1996 OPEN FORUM Abstracts
THE HEALTH INFORMATION SIMULATION SYSTEM, AN INTERDISCIPLINARY COMPUTER-BASED INSTRUCTIONAL SYSTEM.
Arthur Jones, EdD, RRT. University of Texas Medical Branch, Galveston, TX.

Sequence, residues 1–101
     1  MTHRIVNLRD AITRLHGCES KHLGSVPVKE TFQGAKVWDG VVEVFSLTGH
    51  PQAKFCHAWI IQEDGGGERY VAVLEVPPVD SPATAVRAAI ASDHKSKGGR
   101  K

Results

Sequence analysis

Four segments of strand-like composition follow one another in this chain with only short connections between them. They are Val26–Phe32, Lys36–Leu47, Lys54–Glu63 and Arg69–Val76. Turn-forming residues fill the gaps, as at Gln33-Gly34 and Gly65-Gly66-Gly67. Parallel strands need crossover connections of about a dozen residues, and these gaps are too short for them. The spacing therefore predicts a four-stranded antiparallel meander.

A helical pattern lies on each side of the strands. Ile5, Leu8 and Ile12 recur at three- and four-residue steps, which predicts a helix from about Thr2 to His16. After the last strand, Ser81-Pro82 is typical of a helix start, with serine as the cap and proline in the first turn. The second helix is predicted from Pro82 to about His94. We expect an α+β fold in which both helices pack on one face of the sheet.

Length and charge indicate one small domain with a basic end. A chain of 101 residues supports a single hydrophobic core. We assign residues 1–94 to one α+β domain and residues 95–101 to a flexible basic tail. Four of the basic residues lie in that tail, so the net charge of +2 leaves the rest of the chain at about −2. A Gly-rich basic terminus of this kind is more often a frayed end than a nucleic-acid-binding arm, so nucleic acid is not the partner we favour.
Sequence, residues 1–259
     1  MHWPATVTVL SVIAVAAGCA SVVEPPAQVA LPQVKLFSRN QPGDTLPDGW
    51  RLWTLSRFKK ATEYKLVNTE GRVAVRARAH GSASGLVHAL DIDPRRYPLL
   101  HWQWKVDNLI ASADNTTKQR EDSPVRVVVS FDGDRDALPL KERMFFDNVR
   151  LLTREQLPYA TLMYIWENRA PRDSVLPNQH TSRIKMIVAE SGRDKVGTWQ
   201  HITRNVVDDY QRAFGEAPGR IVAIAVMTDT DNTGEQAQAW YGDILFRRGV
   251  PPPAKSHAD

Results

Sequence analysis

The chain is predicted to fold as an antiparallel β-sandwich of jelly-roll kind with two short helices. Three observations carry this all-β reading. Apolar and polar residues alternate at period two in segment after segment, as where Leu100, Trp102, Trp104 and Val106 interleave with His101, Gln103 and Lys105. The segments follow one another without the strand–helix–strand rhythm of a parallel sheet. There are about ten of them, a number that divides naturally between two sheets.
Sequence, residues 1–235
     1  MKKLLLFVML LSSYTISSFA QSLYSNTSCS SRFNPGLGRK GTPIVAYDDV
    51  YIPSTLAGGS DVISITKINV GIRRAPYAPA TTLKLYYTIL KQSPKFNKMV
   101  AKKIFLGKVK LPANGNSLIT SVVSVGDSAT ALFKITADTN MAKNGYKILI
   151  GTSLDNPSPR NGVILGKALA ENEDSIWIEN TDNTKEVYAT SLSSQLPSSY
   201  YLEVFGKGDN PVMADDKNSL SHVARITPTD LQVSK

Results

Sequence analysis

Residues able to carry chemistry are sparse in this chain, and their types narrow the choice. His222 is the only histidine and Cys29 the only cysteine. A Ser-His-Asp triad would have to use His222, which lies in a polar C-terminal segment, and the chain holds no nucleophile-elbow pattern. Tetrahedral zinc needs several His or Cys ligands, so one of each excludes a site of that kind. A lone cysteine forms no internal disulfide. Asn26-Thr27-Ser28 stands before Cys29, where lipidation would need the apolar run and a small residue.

OBJECTIVE: To develop and evaluate the Health Information Simulation System (HISS), a computer-based instructional system. DESCRIPTION: HISS is an ongoing instructional development project that involves a team of experts in computer-based education and faculty from various health professions. Its goals are to: (1) familiarize students with computerized hospital information systems; (2) increase patient assessment and management skills; and (3)foster inter-professional collaboration. The core of HISS is a collection of electronic patient records (EPRs) that simulate patients with various diagnoses, such as HIV, spina bifida and lipid embolus. Information in the EPRs includes history & physical, lab values, ECG tracings, imaging studies, SOAP notes, etc. Students use the EPRs to complete assignments intended to provide practice in information-gathering and care- planning. Methods: A summative evaluation addressed the question, "What are the effects of HISS on knowledge, expectations and attitudes regarding computers?" The evaluation used a pre-, post-test, cohort design that measured changes in the dependent variables between 1993 and 1995. subjects entering the study (N=121) were students in the health information management (HIM, n=17), medical technology (MT, n=28), occupational therapy (OT, n=34) and physician's assistant (PA,n=42) programs. Attitude toward computer-based instruction was measured with Allen's (1986) validated instrument. Other measurements were made with instruments designed in-house: a semantic differential scale for attitude toward computer-based information in patient management, a ten-item assessment of computer knowledge and a scale to assess expectations about computing; that is, number of years after graduation that subjects expect their computer usage to become routine. In-house instruments were content- validated by HISS staff, then pilot-tested on a sample of faculty. Instruments were administered during the subjects' first semester on campus, before exposure to HISS. Then, subjects used HISS to complete assignments during the two-year interval Post- testing was done during the subjects' final semester. Results: A total of 99 subjects completed the study, distributed as follows: HIM (n=12), MT (n=25), OT (n=29) and PA (n=33) programs. Between 1993-95, the mean scores changed as follows: computer knowledge, 6.65 (1.43) to 7.14 (1.23); computer attitude regarding computer-assisted instruction, 4.97 (.98) to 5.44 (1.03); attitudes toward computer-based information in patient management, 4.86(.75) to 5.63 (.82); computer expectations, 1.52(.83) to 1.33 (.70). Conclusions: Participation in the HISS project appears to increase knowledge and attitudes regarding computing and shorten the expected time to routine computer use. The effects of history and mortality could have confounded the study. Respiratory care (RC) students entered the study in 1994. Data on this group are not yet available. There is no apparent reason why RC students would differ from those studied. Further studies should address the effects of HISS-based instruction on skills in information-gathering, decision-making and collaborating. PLANNED ENHANCEMENTS: Enhancements under development include video and sound for gait analysis and simulated patient interviews. DEMONSTRATION: Attendees may see HISS on-site